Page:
This report examines the distribution of electoral power amongst voters in the UK and the possible impact of a change in the electoral system.
It compares the distribution under the current First Past the Post system (FPtP) with the Alternative Vote system (AV) which will be put before voters in the May 2011 referendum. Our aim is to help voters consider the impact of the choice on offer in the referendum.
Our analysis shows that moving from FPtP to AV will mitigate some of the distortions of the current system, but that inequalities and inefficiencies in the distribution of voter power would remain.
Our research builds on nef’s 2005 report Spoiled Ballot which developed the first Voter Power Index (VPI). The VPI measures the power of voters to change the outcome of the election. Voter power is measured for each constituency and is determined by the chance of it changing hands and the number of voters. The more marginal and smaller the constituency, the higher the VPI score.
The key findings of our analysis are that moving from FPtP to AV would produce:
While these improvements are significant, moving to AV will go only some way towards mitigating the unequal power of votes and the wasted votes within the British electoral system. Voter power is unevenly distributed under both systems and the fact that the average VPI score for each system is well below the ideal score of 1 suggests that neither system is very good at translating votes into electoral power.
The inequality and inefficiency are caused by the use of single-member constituencies. This produces large numbers of very safe seats where votes for one party pile up into large majorities, while votes for other parties are effectively discarded. To fundamentally address these issues would require moving to larger constituencies which elect more than one member of parliament. This is not currently being considered by the Government and is not an option in the forthcoming referendum. VPI is one measure among several factors to be considered when comparing different electoral systems.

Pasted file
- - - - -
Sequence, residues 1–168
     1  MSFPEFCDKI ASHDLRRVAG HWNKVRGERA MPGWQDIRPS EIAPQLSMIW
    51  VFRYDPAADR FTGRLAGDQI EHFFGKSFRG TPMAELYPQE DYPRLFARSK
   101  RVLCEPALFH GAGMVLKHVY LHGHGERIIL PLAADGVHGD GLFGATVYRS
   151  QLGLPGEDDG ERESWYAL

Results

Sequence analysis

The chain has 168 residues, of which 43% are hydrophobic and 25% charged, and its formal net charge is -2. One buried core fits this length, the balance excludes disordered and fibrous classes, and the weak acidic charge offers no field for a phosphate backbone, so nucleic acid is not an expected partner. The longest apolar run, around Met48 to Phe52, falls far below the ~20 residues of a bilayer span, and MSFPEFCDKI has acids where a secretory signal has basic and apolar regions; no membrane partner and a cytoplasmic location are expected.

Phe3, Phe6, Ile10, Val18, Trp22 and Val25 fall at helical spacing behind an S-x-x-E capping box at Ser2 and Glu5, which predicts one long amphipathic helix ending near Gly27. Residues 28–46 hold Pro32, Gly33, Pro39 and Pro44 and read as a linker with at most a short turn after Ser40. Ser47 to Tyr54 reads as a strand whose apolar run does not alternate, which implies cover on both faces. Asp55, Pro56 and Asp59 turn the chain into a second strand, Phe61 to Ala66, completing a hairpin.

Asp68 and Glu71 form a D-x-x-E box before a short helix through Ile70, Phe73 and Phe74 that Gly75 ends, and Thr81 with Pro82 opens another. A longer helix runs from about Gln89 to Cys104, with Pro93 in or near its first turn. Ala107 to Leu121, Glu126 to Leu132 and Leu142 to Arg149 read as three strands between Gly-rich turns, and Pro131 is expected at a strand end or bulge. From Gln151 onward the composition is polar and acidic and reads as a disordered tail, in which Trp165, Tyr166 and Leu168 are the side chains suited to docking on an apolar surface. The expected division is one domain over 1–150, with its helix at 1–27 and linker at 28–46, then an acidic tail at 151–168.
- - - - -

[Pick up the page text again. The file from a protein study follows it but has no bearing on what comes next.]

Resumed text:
Our findings make two important points about voter power in the UK. First, they show that voter power is highly uneven across the country, or rather between constituencies. Under the current system of First Past the Post (FPtP), the most powerful 20 per cent of voters have 21 times as much power as the least powerful. This is the statistical reflection of a well-understood fact: it is the voters in marginal constituencies who determine the outcome of an election.
Both voters and parties are well aware that some constituencies are more important than others. In election campaigns, parties spend more than twice as much in the most powerful seats as in the least. Turnout in marginals is up to 6 per cent higher than in the safest seats. At the last general election as many as a million people may have been deterred from voting because they live in safe seats.
Our second finding is that the current system is inefficient in turning votes into seats. The average voter power score is only 0.285 compared to an ideal score of 1 which represents every vote counting equally towards the outcome of a general election. In the FPtP system many votes are effectively wasted because they form part of large majorities or are cast for candidates who do not win.
Our analysis demonstrates that switching to AV would mitigate both of these issues somewhat. Our modelling suggests that AV would increase the number of constituencies which change hands at each election: from 13 per cent to 16 per cent. This leads to a significant increase in the number of strongly contested very marginal seats: 125, up from 81.
Because of this, average voter power under AV would be 0.352, compared to 0.285 under FPtP. The increase in power is proportionately greatest in the least powerful constituencies. Under AV the most powerful constituencies have 18 times the power of the least powerful – down slightly from 21 times under FPtP.
Moving to AV mitigates, rather than eliminates the inequality and inefficiency of FPtP. Because AV retains the current system of small, single MP constituencies, its overall effects on the distribution of voter power are limited.
By contrast, the system of large, multi-member constituencies used in the Euro-elections offers significantly higher and more even distributed voter power. British voters in the 2009 European Parliament elections had an average VPI score of 0.962.2 While the system used in the European elections is not ideal – it uses an allocation system which favours large parties and uses closed rather than open lists – this score does highlight the potential of multi-member constituency systems to significantly impact on the distribution of voter power.
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